Jay Tharappel is a Sydney Uni academic (a tutor in human rights apparently) whom TDC readers might remember from last year when I wrote about some of his sterling political opinions, such as that “most of the claims against against him [Stalin] are exaggerated or false”. At the time, he was receiving some media attention as a result of his attacks on journalists who were rude enough to portray Syria’s Assad as a dictator and chemical weapons user. Tharappel called one a “the traitorous scum” and proclaimed that “If people like him wage war on our post-colonial homeland then I will wage war against them.”
Tharappel is in the news again, thanks to his joyous travelogue to North Korea, published by the Sydney Uni student newspaper Honi Soit. Jay’s reflections include gems like this about another one of his “post-colonial homelands”:
You get the impression that the so-called ‘elite’ in North Korea are different to the elite of capitalist societies, consisting of school teachers, scientists, architects, doctors and engineers, people whose ingenuity plays a role in providing the brain power for the state’s drive towards economic self-sufficiency. Are these people paid more? Yes, but this inequality pales in comparison to the inequality you see in the capitalist world.
A friendly reminder that North Korea is a country where only twenty years ago people were eating grass and several hundred thousand people, possibly over a million, starved in another one of those mass famines, which seem to happen quite often under communism. Nature might cause bad harvests but only politics causes mass starvation. Not to mention prison camps, totalitarianism, and complete brainwashing of the whole population on a scale that has exceeded even Mao’s efforts.
The state believes that it has a civilisational mission to complete, one that began with resistance to Japanese colonial occupation, and should end with the reunification of Korea, which both sides are enthusiastic about. Their slogan is, “we envy nothing in this world,” and that seems to make perfect sense when you look around. They don’t smear their public spaces with advertising telling their citizens they’re inadequate, instead they paint murals intended to inspire their people to build a better society. All they ask of us is to be left alone, and for the US military to leave their homeland.
Yes, our time there was limited, but honestly, what I saw was a highly organised, egalitarian and energised society, with good reason to believe that they’re now reaping the fruits of past sacrifices.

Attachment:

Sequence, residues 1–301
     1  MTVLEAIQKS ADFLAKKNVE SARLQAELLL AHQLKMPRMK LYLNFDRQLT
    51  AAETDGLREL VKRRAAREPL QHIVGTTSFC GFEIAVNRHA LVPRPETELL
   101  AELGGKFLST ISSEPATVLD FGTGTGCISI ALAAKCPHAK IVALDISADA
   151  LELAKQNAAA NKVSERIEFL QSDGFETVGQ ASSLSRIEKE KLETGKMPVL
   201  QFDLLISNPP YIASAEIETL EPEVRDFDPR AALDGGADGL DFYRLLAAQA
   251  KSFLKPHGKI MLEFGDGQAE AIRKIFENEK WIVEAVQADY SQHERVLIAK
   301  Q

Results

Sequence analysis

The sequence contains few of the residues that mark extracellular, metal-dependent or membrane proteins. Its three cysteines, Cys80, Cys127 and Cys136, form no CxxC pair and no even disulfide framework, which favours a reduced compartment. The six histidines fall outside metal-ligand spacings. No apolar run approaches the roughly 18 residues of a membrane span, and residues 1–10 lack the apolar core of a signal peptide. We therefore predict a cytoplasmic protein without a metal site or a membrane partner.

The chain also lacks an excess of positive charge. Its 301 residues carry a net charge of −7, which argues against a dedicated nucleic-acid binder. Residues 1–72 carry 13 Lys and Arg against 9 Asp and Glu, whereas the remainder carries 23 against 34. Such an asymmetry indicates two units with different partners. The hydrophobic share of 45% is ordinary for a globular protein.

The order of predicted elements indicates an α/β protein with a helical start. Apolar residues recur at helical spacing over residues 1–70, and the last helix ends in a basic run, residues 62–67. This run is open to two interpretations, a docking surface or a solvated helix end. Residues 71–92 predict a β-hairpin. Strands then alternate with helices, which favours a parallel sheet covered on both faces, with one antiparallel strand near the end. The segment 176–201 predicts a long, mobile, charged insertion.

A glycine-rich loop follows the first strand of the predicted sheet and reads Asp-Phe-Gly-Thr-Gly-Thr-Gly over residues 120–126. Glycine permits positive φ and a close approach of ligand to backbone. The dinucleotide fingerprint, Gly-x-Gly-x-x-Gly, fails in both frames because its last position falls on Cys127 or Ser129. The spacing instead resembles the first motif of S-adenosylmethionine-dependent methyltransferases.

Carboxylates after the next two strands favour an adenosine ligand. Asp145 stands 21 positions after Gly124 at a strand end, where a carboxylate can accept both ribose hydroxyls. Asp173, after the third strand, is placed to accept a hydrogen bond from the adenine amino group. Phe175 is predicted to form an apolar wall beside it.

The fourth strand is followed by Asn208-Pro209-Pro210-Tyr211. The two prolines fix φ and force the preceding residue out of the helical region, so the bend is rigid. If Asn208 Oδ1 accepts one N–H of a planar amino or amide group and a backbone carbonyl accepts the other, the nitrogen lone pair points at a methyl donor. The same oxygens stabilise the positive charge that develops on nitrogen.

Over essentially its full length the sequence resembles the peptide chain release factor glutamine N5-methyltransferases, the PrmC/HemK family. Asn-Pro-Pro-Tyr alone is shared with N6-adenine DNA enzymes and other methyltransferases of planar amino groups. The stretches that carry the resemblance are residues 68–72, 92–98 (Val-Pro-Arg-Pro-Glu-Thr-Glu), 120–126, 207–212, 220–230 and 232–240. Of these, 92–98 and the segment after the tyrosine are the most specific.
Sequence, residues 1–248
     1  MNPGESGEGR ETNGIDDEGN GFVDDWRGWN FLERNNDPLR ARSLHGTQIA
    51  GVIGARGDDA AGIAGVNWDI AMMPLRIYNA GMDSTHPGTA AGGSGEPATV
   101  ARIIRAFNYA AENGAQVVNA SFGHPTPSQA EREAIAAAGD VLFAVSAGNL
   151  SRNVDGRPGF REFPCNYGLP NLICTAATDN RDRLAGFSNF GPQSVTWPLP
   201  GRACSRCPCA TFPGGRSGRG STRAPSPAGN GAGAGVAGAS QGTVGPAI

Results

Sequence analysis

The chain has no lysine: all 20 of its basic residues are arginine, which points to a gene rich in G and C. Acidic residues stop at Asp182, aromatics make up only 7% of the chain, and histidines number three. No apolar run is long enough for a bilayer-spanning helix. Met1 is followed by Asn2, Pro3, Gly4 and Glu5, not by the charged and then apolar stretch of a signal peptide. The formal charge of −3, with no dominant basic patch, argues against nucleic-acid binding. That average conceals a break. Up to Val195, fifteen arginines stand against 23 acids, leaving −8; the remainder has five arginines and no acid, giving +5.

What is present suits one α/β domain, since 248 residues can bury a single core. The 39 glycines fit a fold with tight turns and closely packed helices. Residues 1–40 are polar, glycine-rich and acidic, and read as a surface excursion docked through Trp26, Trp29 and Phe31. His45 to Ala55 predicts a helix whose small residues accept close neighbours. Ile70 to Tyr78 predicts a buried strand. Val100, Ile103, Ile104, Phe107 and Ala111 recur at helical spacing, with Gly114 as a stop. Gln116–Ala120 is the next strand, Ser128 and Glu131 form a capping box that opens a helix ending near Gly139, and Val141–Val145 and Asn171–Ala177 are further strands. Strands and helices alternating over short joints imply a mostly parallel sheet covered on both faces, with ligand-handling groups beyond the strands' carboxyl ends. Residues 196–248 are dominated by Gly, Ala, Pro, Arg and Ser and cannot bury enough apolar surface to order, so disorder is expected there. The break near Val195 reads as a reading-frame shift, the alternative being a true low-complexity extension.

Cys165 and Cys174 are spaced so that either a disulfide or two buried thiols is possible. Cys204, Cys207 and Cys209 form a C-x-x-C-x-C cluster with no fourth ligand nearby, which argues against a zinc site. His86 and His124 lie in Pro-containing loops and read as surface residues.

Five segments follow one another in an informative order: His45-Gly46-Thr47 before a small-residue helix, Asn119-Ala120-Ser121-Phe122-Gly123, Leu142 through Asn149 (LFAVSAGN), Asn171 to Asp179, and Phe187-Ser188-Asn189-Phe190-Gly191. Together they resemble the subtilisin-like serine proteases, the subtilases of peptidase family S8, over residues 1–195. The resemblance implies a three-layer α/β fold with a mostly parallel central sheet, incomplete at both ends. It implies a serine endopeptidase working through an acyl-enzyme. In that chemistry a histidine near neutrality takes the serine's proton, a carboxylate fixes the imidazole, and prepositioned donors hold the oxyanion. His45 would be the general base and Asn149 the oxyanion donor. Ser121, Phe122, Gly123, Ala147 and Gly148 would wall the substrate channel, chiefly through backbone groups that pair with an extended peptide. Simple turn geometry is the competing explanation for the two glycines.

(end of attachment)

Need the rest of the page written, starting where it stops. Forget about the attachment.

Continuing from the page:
Jay’s tour doesn’t seem to have included visiting any of the many camps in North Korean gulag where hundreds of thousands of people labour and die in conditions that would make Stalin smile. And really, who doesn’t prefer inspirational socialist murals to advertising billboards?
Tharappel is merely the latest in a very long line of political pilgrims (Paul Hollander wrote an excellent book of that title), sometimes naive, sometimes malicious, but always idiots who have travelled from the degenerate and oppressive West to every latest workers’ paradise, from the Soviet Union and China to Vietnam and Cuba, searching for – and always finding – a wonderful new society and a “new man” (these were sexist times) being created; all “highly organised, egalitarian and energised” societies that Jay waxes about so lyrically. Out of sight and out of mind the actual misery, mass repression, and complete lack of freedom and human rights. Thankfully, there are only a very few socialist paradises left to entrance the 21st century’s political pilgrims – Cuba and North Korea, Venezuela perhaps. But the instinct to think the worst of your own society and to search for the best elsewhere is a strong one, and it will outlive these grotesque communist regimes. Sometimes the grass is indeed greener on the other side of the fence, but more often it’s been eaten by starving peasants.
P.S. As Jay writes:
I cannot address every preconception about the DPRK in a thousand words, what I wrote about is what I saw, because unlike most of my critics…
…I HAVE ACTUALLY BEEN THERE.
That actually makes it worse.